> > -- he doesn't seem to get the very idea of the mapping
              > > and modeling that the calculus is about. At least
              > > that's what I get from the novel...
              > > Speaking of which, Marq Dyeth, although infinitely
              > > more sophisticated and "civilized" than Bron seems to
              > > me to be having some of the same difficulties in
              > > Stars/Sand. Is it just me or did someone else notice
              > > that too?
              > >
              > > Anna
            • Jeff Doten
              If we had said, Bron doesn t really understand the social interactions and their subtlies he encounters - that would have some meaning to me - but to say that
              Message 6 of 17 , Jul 9, 2004
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                If we had said, Bron doesn't really understand the social interactions and their subtlies he encounters - that would have some meaning to me - but to say that he doesn't understand how modular calculus works - means little ( to me anyways ) so beyond being fiction, does anyone know what "modular calculus" is and how it applies to culture ? - Curious ( and somewhat skeptical ) Jeff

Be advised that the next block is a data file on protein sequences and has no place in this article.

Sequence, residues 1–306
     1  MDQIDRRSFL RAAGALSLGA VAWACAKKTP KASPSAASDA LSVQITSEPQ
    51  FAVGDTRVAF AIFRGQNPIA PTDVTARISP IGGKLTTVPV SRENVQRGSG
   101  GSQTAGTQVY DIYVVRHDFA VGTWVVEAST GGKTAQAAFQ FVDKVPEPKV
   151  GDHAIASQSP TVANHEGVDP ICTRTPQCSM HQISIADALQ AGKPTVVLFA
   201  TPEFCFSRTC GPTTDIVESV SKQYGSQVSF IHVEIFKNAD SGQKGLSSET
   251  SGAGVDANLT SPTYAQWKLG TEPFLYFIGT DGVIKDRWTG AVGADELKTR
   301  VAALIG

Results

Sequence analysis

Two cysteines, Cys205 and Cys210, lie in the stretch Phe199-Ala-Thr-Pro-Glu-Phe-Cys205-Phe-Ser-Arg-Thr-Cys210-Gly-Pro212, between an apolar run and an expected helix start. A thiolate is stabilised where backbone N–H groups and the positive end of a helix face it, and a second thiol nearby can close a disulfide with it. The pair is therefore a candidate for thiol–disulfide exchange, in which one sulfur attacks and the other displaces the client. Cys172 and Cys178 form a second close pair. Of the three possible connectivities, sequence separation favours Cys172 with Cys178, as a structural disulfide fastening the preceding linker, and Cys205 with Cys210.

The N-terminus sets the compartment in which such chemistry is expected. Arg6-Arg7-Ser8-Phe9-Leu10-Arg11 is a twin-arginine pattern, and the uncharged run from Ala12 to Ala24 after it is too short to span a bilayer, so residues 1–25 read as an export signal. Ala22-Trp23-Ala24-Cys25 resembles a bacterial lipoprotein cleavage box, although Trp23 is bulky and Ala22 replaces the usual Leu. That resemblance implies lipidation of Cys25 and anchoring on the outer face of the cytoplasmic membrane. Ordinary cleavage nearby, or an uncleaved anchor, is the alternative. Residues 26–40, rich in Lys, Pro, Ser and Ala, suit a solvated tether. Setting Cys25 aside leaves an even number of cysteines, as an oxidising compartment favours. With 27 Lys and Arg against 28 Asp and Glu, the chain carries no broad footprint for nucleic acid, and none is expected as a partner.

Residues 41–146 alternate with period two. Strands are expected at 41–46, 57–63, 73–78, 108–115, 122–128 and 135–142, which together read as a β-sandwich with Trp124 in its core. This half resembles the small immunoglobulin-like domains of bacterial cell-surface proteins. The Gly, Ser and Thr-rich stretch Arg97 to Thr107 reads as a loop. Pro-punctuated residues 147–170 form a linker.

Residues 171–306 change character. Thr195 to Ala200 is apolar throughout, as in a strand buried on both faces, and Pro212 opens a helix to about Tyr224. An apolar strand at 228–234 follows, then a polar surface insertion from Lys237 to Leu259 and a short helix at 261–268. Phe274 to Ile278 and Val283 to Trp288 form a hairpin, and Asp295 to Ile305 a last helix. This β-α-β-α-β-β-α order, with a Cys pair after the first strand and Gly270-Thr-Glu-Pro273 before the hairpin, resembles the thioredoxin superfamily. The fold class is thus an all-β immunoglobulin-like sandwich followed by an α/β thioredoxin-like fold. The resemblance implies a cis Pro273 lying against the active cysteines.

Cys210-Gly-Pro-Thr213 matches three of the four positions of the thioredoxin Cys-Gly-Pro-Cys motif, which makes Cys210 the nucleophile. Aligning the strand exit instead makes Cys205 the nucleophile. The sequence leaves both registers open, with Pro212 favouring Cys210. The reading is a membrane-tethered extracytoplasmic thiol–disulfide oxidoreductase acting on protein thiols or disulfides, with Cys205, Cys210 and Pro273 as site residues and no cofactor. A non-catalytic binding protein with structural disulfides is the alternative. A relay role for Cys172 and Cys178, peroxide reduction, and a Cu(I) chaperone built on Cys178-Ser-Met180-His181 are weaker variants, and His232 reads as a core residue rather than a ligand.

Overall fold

"What I meant was that Bron doesn't really understand how modular calculus works - Anna
              • Ron Henry
                ... Isn t this pretty much the definition of ideology ? ... Should we interpret this to mean you think there exists a set of such new norms and principles
                Message 7 of 17 , Jul 11, 2004
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                  On 7/10/2004 05:03 AM, delany-list@yahoogroups.com wrote:

                  >Once people are free from the constraints of
                  >traditional institutions, which is progress, then it is incumbent upon them
                  >to impose a much more abstract set of principles on a free-flowing
                  >situation.

                  Isn't this pretty much the definition of "ideology"?

                  >At the minimum, there are ethical norms and principles about
                  >how to treat people, which we should all know anyway, and can only truly
                  >live by or even understand once we are freed from convention.

                  Should we interpret this to mean you think there exists a set of such new
                  norms and principles that replace "convention" for everyone? What is the
                  mechanism for coming to know the new norms/principles?

                  I'm not sure I understand how this replacement process is not simply a swap
                  of one set of traditions/conventions/ideologies for another (functionally)
                  identical set.

                  Ron Henry